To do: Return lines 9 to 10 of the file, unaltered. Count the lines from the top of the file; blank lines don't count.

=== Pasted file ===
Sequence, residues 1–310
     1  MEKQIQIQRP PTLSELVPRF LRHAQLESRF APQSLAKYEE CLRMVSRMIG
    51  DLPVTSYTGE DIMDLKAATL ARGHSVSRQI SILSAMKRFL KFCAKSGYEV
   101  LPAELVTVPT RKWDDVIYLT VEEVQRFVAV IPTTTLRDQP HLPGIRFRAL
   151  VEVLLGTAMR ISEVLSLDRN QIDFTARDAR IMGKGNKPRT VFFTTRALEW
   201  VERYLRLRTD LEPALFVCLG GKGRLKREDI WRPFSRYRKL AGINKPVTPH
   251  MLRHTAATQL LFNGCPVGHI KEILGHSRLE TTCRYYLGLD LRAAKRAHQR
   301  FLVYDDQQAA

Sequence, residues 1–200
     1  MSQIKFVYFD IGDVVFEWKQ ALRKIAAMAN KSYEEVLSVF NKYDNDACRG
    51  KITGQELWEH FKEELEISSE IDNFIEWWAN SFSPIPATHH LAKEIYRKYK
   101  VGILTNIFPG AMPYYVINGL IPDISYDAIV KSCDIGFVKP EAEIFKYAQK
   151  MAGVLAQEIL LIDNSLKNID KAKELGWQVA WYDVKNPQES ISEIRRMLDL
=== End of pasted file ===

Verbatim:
Sequence, residues 1–200
     1  MSQIKFVYFD IGDVVFEWKQ ALRKIAAMAN KSYEEVLSVF NKYDNDACRG